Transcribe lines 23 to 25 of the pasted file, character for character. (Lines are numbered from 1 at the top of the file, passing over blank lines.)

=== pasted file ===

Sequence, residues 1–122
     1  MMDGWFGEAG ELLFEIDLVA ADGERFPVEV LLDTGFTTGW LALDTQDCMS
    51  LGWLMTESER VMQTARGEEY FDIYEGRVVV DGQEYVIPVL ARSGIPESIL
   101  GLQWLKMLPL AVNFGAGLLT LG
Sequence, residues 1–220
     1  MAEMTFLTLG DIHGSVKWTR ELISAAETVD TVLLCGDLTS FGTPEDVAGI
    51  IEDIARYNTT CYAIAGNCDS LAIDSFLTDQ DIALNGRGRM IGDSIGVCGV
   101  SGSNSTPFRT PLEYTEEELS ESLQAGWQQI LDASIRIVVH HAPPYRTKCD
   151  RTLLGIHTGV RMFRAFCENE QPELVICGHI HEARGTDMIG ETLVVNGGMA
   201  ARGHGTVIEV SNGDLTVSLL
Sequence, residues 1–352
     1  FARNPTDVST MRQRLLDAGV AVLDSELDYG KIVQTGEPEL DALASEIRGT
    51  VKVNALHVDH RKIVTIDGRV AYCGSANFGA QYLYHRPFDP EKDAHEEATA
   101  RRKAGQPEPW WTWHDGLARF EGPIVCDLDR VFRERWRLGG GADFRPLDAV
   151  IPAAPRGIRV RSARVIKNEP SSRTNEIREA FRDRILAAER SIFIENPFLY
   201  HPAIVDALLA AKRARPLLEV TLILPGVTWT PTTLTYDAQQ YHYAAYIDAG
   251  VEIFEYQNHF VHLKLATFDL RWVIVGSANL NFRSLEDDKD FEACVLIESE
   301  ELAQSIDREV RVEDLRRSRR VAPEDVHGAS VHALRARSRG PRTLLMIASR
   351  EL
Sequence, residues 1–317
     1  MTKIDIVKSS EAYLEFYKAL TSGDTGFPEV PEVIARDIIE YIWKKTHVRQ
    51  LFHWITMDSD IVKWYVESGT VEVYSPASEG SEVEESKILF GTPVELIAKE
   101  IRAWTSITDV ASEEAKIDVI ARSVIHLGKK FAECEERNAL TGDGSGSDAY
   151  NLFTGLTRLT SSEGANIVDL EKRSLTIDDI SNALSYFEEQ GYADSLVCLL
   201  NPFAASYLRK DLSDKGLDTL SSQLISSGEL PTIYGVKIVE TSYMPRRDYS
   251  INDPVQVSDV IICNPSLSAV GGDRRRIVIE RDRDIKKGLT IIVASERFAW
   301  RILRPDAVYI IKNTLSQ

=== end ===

   101  IRAWTSITDV ASEEAKIDVI ARSVIHLGKK FAECEERNAL TGDGSGSDAY
   151  NLFTGLTRLT SSEGANIVDL EKRSLTIDDI SNALSYFEEQ GYADSLVCLL
   201  NPFAASYLRK DLSDKGLDTL SSQLISSGEL PTIYGVKIVE TSYMPRRDYS